02.04.2020, 11.25 pm
My morning started with a thud. Probably the loudest I’ve heard in a while. Three bell rings, one shout from my sister, and a pinch of anxiety in anticipation of “What, who’s that now? Is this the end of the world already?” Forgive the pessimism on my part but none of us in this world, on this planet today, at this moment, are expecting any pleasant visitors, are we? Today was the second time in days when I felt restless about this whole situation. First was when I tried to calculate the number of people who were about to foolishly attend the Holi parties and get infected voluntarily across India.
Long story cut short. If the lockdown weren’t real enough for us corona survivors yet, now Mumbai has quarantine zones. Who were those people at our door? They were from the BMC, first asking us if any of us (me, my sister and our neighbours) had any symptoms and how I’d hoped that was the end-all of that conversation between them and my sister, who was keeping the needed social distance by hiding behind our door and speaking with them with a straight face asking legit questions and just then, they gave us the big news. The biggest news that many Mumbai residents woke up to, today morning. Hiranandani, Malabar Hills, Andheri West, Santacruz West, you name it - they’ve sealed it from the rest of the world.
The following is what they said to us in their own words (these are mine):
“Your building has been sealed. You are not allowed to step out of the building for anything now, not even for the essentials. And nobody is allowed to come in, nobody is allowed to go out. Your guards will be your messengers until further notice from Modi ji.”
Yes. Our building and many buildings have been sealed in Mumbai. It all happened today, the baap of all lockdowns. If there’s been a positive case in your area, your building is sealed and isolated. And from what it looks like, there’s at least one case in almost every nook and corner of Mumbai. Understandable, but not digestible.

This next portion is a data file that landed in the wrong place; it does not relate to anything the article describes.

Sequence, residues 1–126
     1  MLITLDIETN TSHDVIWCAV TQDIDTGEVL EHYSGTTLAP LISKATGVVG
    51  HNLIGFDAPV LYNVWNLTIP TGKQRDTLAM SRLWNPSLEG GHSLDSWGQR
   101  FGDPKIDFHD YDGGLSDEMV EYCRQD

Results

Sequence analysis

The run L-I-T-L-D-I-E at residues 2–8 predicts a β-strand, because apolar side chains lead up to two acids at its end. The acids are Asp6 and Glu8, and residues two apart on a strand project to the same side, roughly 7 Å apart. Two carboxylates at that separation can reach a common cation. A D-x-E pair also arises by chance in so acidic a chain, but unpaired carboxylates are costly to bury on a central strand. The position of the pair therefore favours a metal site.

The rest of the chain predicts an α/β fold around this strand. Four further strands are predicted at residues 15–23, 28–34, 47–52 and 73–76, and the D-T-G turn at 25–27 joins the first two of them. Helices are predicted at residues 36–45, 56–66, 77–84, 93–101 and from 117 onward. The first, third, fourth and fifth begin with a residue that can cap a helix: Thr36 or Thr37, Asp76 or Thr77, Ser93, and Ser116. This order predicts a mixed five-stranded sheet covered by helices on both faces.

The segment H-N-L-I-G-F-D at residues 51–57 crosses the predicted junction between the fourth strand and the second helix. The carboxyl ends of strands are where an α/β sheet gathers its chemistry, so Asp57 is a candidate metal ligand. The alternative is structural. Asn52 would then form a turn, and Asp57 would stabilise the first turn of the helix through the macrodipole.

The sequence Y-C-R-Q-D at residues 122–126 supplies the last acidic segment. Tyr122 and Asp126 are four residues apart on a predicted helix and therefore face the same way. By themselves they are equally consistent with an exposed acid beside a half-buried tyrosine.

I’ve been optimistic all this while but today, I had thoughts like - “Should we stock up for the next couple of months already? Will this ever get over? Will I see my family, my mother, again?” All kinds of things came to my mind today - I thought about all the things I’d do once I was out of this helpless situation.
You know, times like these, when many of us in this city are keeping the last time we saw the face of our family close to our hearts to get through this, and something like what happened in Indore with the doctors happens, we feel stupid about our existence - the human race. I’ve not had the heart to watch the videos, but the fact that humans are willing to hurt and kill our only saviours in this time, makes me sick in the stomach. Those videos, the intention behind them and the distasteful communal comments make me wonder if we even deserve to be called ‘homo sapiens’ (wise men). Maybe the term made sense in 1758, but not anymore.
I always give humans the benefit of the doubt because of our survival instincts but the kind of things that happen in this country now are beyond me. The fact that a doctor dropped in at your place to check if you’re doing fine and you ran after him with rods and stones and your dirty nerves that ended up with the doctor running for his life, hiding his face, is a visual I cannot take out of my head. And you shouldn’t either.
Since our childhood, we were always told that Doctors are a representation of God in our lives since they keep us alive and healthy. But we are trying to kill our doctors. How then do we call this a God’s world?
We are a country where our politics runs in God’s name. Now, is that fair?
9 am tomorrow, our Prime Minister is going to release a video that millions of people are going to watch. He has a powerful voice and people listen to him, I just hope he puts a stop to the wild and disoriented behaviour of people towards their saviours.
If we want and need more doctors to step ahead to help their countrymen in this time, we should also first make ourselves worthy of their time, effort and risk.
I’m sorry, today is just one of those days. Maybe I woke up on the wrong side of my bed.